As business agility makes its way into your part of the organization, you’ll likely start to hear new and unfamiliar words. Here are a few that you’ll need to get comfortable using right away:
- Daily standup or daily scrum:
- Kanban board:
- Retro, or retrospective:
- Ticket, user story, or work item:
(You can check out this glossary for some of the most commonly used within Agile marketing for a more extensive list.)
Business Agility Roles and Responsibilities
While some of the terminology above will be consistent across the entire organization, there are a few that will need to evolve to make them more applicable. Many Agile terms got their start within Agile software teams, and therefore need some adjusting. Nowhere is that more true than when it comes to the roles that make up Agile teams.
Here are some roles that you’re likely to encounter within business agility, including both their original names, and how you might want to adapt them for more universal applications.
- Scrum Master, also known as Agile Lead: Supports process improvement and impediment removal, and facilitates Agile meetings at a team level. Many organizations move away from the Scrum Master name, because outside of software development many teams choose a hybrid approach rather than Scrum (more on this later). Referring to the person in charge of supporting teams in achieving agility, rather than adopting Scrum, helps everyone feel comfortable choosing the flavor of Agile that’s right for them.
- Product Owner, also known as Business Owner: This role’s name also comes from Scrum and its emphasis on building software projects. So you can decide whether to keep the Product Owner label, or adjust it. Either way, this role is vital. This person owns the backlog for an Agile team. They must combine a strategic business perspective with a strong understanding of the team and its capabilities so they can set priorities, accept (or reject) incoming work requests, and generally ensure the team is doing the right work at the right time.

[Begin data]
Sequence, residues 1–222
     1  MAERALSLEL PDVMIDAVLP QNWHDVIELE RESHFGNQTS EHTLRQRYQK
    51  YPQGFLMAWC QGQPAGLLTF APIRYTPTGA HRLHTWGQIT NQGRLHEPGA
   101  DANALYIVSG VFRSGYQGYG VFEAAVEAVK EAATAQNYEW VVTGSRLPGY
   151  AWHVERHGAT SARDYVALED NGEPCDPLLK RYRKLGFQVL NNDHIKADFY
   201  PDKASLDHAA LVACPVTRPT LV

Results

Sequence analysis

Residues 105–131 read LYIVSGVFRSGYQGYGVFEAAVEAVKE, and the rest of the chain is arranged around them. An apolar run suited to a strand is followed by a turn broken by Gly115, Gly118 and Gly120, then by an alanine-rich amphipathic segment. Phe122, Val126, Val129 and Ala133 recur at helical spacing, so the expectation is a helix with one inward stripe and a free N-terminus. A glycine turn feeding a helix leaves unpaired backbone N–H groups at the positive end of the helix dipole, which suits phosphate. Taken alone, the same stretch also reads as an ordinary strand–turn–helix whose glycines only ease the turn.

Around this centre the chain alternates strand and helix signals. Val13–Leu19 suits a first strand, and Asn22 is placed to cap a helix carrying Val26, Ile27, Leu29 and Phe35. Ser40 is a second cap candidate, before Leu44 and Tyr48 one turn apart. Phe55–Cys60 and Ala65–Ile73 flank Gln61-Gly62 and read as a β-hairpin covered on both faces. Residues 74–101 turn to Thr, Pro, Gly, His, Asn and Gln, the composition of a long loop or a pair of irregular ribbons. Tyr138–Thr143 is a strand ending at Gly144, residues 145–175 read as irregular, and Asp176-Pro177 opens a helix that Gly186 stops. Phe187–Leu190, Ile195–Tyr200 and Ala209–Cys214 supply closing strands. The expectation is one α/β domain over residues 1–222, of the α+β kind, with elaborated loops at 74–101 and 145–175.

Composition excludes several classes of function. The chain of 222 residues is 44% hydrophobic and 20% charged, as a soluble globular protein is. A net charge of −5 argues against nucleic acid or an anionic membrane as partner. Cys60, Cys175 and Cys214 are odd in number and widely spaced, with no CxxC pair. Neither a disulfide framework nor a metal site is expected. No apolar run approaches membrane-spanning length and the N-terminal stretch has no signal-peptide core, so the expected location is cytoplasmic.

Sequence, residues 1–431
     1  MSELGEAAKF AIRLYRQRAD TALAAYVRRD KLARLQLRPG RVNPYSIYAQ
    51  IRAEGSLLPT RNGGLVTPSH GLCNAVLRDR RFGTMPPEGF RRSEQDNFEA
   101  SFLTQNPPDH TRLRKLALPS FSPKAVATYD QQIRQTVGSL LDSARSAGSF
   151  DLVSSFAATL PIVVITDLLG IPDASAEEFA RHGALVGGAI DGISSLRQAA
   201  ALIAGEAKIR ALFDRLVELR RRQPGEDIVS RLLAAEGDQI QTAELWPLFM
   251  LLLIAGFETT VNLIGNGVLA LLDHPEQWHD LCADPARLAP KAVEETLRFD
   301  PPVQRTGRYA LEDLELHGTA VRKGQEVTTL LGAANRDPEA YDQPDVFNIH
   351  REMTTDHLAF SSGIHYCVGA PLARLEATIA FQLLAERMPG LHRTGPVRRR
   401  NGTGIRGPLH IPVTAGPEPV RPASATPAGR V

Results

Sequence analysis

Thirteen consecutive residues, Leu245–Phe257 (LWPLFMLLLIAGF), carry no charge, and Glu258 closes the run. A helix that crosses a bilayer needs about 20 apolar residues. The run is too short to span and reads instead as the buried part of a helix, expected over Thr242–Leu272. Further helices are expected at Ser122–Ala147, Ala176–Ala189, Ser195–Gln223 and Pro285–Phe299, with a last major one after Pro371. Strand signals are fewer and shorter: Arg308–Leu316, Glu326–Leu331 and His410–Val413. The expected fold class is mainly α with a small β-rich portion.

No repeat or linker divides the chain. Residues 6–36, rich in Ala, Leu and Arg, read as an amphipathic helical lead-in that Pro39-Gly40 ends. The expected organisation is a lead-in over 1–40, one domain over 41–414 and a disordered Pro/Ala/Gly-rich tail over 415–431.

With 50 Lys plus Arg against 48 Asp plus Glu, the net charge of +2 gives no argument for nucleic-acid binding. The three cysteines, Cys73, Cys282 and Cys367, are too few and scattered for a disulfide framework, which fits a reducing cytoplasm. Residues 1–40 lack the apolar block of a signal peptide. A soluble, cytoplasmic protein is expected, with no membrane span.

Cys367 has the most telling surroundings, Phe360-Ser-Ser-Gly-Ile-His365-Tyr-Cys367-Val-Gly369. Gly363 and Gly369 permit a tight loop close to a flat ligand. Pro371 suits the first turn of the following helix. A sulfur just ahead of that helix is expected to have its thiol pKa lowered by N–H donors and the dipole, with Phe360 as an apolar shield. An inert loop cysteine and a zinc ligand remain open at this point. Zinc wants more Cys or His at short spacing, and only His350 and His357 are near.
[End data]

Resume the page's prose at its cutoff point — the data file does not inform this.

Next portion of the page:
- Business Agility Transformation Office (BATO): A crossfunctional leadership group that’s responsible for moving strategy, structure, processes, people, and technology towards the business agility operating model. They define why Agile is crucial for the organization, articulate the goals of a transformation, and help create the processes and structures needed to reach those goals. Members of the BATO are internal, but should be supported by external experts with transformation experience to ensure the smoothest possible adoption of Agile across the organization.
- Agile Coach: Some members of the BATO may be Agile coaches. They have experience working across multiple Agile teams, and are responsible for creating and improving Agile processes. Coaches support people all across the org chart, from individuals to teams to leaders to executives, in adopting the Agile mindset and executing the practices well.
- Agile Team, or Agile Execution Team: These are the people who actually sit down and get work done in an Agile system. Some organizations refer to them as squads to help differentiate them from previous notions of what a team means, but the name is less important than how they work. There’s no hierarchy within the team, which is ideally very cross-functional, meaning it contains the skills needed to complete the work it commits to without being dependent on other teams. Agile teams stay together for long periods of time, and work 100% of their time together using Agile practices and frameworks.
How Teams Change Within Business Agility